Monday, February 26, 2018

album review: 'chime' by dessa

So I've covered a lot of truly excellent records in February... and I can't help but feel it's all been building up to this, the newest, long-awaited solo release from one of my favourite-ever MCs, most notable for her work in the Doomtree collective but also for the diverse, genre-twisting blend she brought to her own work...

And yet I'll admit I was nervous about this, mostly because Dessa's solo work is very different than the fire she typically spits with Doomtree. I might love A Badly Broken Code as an underrated near-classic, but it's meditative and restrained in an uncanny way, and certainly took a lot of listens to grow on me as much as it did. And her 2013 follow-up Parts Of Speech, even though that record made my year-end list, it was a pivot towards more R&B and less hip-hop, and I was a little unsure whether it played enough to her strengths - she's an absolutely excellent rapper, but not quite as expressive or potent as a singer. And thus when I heard that her newest project Chime was pivoting even further, moving closer to mainstream-accessible pop... well, it's not like I couldn't have seen it coming, given her contributions to The Hamilton Mixtape and her own wild creativity to be more than just a spitter, and I was sure there was bound to be real density and punch in the content, and it's not like Lazerbeak or Cecil Otter would steer her astray on production - okay, maybe I was worrying too much over nothing, I'll admit it. But again, Dessa is an all-time favourite MC of mine, I really wanted this to be amazing, especially given some of the critical buzz about this release and that she had brought in Andy Thompson to augment her sound with more classical elements... so, what did we get on Chime?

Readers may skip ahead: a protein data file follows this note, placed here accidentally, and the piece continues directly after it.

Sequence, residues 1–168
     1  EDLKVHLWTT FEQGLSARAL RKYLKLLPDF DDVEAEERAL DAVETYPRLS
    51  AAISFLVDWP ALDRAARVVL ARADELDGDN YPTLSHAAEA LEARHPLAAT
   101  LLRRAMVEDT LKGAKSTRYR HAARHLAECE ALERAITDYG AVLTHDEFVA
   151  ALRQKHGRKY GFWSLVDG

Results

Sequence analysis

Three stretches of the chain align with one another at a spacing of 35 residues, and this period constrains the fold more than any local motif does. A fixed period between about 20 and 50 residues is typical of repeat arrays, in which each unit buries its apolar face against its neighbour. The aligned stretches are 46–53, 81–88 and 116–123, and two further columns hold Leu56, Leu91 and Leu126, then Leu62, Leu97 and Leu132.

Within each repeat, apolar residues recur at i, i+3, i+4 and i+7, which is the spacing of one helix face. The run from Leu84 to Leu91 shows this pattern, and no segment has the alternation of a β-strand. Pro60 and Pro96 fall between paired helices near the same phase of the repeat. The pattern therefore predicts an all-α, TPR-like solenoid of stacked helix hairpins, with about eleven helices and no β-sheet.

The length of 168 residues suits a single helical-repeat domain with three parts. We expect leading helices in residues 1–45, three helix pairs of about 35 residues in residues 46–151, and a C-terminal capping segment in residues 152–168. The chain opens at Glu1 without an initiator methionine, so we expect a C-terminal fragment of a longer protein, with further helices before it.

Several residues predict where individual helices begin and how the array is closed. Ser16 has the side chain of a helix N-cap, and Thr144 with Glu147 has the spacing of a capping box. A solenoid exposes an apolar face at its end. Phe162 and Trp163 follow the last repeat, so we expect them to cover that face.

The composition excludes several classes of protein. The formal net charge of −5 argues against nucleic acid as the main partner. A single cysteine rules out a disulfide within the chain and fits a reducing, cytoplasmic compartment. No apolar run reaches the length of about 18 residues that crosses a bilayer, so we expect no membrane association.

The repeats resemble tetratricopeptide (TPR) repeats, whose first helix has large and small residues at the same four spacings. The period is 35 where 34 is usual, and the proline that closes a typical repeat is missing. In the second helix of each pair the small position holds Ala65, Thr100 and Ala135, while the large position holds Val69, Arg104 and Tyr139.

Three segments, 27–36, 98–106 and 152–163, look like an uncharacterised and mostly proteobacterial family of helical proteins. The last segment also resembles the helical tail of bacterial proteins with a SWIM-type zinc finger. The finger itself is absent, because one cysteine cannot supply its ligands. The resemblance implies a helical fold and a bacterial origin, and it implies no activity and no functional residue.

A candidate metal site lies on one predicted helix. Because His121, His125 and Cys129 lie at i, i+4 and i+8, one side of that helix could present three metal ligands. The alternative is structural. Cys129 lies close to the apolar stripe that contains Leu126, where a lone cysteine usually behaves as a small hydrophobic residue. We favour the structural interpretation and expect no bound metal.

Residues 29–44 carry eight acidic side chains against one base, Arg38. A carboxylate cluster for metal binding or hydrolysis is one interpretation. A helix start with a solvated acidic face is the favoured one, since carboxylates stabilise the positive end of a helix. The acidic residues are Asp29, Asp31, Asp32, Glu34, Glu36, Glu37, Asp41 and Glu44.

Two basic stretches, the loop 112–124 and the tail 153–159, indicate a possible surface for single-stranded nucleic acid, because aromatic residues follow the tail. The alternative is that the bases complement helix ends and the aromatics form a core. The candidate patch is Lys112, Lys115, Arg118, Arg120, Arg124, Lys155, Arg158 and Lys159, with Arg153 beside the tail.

Folks, I'll be very honest: I wasn't expecting this at all. Deep down I think I knew it was going to be great - it's Dessa, she's too smart and empathetic as an artist to do anything less - but I wasn't expecting the absolute gutpunch that she delivered with Chime, not just blending in elements of baroque pop and ethereal electronics with her bars, but also showcasing the sort of deeply felt thematic cohesion and philosophical heft that for the first time feels truly seamless with her emotional struggle and tightly knitted bars. Or let me put it like this: I relistened to A Badly Broken Code before this review to confirm that it is indeed a near-classic... and Chime leaps past it handily, delivering the sort of layered impact that hits harder and harder with every listen.